The contour integral representation of Laguerre polynomials is
$$L_n^{(\alpha)}(x)=\frac{1}{2\pi i}\oint_C\frac{e^{-\frac{x t}{1-t}}}{(1-t)^{\alpha+1}\,t^{n+1}} \; dt$$

How can one get here starting from the orthogonality condition

$$\int_0^\infty x^\alpha e^{-x} L_n^{(\alpha)}(x)L_m^{(\alpha)}(x)dx=\frac{\Gamma(n+\alpha+1)}{n!} \delta_{n,m}$$

without using other properties (such as Rodrigues' formula, recurrence relation... etc.)?

  • $\begingroup$ anything unclear ? $\endgroup$
    – reuns
    Jun 7, 2019 at 21:26
  • $\begingroup$ Thanks for your answer. Sorry for the late reply. How would it work in more general setting such as $\int_a^b w(x)P_m(x)P_n(x)dx = h_n \delta_{n,m}$? $\endgroup$
    – ukar
    Jun 23, 2019 at 18:03

1 Answer 1


There are a lot of basis $\left(\frac{b_n}{\sqrt{\langle b_n,b_n\rangle}}\right)_{n \ge 0}$ orthonormal for the $\langle u,v \rangle = \int_0^\infty u(x)v(x) x^\alpha e^{-x}dx$ inner product, but (up to sign) there is only one such basis such that $b_n$ is a real polynomial of degree $n$, which is $b_0 = 1$, $b_{n+1} = x^{n+1} - \sum_{m=0}^n \langle x^{n+1}, \frac{b_m}{\langle b_m,b_m\rangle}\rangle b_m$.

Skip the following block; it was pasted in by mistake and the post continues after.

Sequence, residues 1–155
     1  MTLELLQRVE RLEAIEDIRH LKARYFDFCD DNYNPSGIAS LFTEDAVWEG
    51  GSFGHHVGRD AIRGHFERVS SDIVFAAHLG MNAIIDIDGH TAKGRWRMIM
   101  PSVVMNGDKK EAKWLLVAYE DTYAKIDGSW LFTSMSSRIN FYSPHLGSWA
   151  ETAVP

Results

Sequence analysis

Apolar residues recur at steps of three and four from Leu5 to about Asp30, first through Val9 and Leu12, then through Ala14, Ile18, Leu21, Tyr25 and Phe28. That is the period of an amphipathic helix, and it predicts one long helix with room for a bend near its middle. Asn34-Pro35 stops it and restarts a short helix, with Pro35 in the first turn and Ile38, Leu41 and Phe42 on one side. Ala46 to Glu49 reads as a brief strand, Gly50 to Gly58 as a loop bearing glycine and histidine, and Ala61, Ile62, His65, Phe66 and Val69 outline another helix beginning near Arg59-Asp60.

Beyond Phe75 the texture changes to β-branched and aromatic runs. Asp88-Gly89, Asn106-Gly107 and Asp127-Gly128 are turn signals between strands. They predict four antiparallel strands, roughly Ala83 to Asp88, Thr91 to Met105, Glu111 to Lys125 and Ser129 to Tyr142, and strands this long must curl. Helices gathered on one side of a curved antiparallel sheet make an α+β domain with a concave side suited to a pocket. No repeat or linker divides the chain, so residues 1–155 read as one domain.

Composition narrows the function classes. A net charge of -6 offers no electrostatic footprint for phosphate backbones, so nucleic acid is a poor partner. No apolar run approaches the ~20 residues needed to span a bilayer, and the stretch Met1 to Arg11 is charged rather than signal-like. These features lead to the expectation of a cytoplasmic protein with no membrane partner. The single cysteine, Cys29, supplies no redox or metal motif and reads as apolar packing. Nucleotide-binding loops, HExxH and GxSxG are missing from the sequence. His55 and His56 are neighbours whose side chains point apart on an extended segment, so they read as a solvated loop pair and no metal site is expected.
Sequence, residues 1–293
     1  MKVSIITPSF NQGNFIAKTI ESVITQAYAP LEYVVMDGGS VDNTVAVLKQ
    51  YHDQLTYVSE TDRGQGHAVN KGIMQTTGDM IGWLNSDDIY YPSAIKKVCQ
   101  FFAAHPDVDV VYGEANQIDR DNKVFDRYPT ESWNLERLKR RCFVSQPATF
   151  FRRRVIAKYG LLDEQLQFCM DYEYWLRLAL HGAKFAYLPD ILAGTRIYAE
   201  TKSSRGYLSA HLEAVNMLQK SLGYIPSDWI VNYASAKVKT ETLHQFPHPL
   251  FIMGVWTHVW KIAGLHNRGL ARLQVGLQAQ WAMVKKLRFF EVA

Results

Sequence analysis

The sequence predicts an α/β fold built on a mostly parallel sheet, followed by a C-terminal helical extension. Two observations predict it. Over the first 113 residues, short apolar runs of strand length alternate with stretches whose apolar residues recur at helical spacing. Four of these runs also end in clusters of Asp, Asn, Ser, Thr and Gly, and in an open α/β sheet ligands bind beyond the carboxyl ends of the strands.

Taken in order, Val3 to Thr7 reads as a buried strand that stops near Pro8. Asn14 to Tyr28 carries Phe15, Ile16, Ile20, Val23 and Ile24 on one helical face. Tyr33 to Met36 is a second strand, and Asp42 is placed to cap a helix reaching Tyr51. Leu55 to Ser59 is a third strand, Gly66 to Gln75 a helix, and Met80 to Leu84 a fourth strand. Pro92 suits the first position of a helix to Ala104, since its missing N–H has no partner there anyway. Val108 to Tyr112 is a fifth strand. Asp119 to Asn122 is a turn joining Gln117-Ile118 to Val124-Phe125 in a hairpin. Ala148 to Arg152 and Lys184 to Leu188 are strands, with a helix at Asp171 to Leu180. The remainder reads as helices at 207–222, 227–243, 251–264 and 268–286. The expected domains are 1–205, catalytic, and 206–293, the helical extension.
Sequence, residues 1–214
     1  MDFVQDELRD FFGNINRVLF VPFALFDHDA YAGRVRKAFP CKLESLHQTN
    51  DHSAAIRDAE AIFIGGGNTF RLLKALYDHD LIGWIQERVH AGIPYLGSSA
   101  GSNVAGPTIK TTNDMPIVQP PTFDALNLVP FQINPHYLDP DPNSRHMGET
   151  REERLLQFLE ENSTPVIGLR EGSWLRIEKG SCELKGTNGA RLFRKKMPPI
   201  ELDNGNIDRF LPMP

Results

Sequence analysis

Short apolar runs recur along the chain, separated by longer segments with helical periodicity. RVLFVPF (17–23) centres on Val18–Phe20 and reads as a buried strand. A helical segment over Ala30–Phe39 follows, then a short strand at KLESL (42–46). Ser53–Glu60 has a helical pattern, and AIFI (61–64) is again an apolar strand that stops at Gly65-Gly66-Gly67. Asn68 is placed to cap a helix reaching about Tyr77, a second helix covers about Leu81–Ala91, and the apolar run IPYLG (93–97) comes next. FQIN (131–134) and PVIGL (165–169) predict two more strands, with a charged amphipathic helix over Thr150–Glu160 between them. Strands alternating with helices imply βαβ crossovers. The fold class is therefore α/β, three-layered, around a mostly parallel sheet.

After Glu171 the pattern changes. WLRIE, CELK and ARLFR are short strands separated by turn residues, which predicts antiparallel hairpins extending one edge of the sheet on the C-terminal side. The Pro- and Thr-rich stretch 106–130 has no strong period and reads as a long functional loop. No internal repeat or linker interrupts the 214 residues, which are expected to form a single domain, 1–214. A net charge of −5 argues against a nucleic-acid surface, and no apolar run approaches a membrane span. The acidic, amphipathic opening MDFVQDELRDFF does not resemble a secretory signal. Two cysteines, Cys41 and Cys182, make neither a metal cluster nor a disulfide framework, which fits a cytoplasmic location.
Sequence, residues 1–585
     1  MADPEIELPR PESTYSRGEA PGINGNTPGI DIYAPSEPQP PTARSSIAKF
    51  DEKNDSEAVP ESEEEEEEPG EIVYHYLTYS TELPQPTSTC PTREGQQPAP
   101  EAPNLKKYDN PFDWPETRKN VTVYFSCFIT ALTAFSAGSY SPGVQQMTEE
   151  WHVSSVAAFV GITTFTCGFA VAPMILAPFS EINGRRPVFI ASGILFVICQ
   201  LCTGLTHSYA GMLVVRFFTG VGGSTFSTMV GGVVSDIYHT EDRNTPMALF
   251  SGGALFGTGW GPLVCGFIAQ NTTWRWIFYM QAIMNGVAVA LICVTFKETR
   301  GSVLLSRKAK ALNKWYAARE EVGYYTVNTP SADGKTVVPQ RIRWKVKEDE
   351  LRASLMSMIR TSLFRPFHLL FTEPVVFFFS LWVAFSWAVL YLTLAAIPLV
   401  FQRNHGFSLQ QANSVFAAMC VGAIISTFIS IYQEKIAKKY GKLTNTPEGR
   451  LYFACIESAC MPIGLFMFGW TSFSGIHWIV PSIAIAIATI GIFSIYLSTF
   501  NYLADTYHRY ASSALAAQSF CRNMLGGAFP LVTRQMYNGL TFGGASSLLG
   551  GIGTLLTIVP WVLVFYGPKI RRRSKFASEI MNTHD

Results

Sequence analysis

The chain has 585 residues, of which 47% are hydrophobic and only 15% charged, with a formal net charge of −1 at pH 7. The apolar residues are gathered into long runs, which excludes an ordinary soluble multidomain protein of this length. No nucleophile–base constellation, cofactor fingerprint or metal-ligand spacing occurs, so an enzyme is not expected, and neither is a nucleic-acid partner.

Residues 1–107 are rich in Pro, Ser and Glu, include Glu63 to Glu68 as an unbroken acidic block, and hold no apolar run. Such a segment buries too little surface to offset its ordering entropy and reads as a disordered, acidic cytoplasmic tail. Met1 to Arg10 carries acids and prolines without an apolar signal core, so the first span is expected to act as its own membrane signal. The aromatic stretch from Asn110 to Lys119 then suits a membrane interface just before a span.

Let $f(x,t) = \frac{e^{-\frac{x t}{1-t}}}{(1-t)^{\alpha+1}}= \sum_{n=0}^\infty a_n(x) t^n$ then $a_n$ is a real polynomial of degree $n$ and $$\sum_{n,m} \langle a_n,a_m\rangle t^nu^m=\int_0^\infty f(x,t)f(x,u)x^\alpha e^{-x}dx\\ = (\frac{t}{1-t}+\frac{t}{1-u}+1)^{-a-1}((1-t)(1-u))^{-a-1}\Gamma(a+1)=(t(1-u)+u(1-t)+(1-u)(1-t))^{-a-1}\Gamma(a+1) = \Gamma(a+1) (1-tu)^{-a-1}\\= g(tu)$$

Which means $\langle a_n,a_m\rangle = 0$ whenever $n \ne m$, thus $\frac{a_n}{\sqrt{\langle a_n,a_n\rangle}} = \pm \frac{b_n}{\sqrt{\langle b_n,b_n\rangle}}$.


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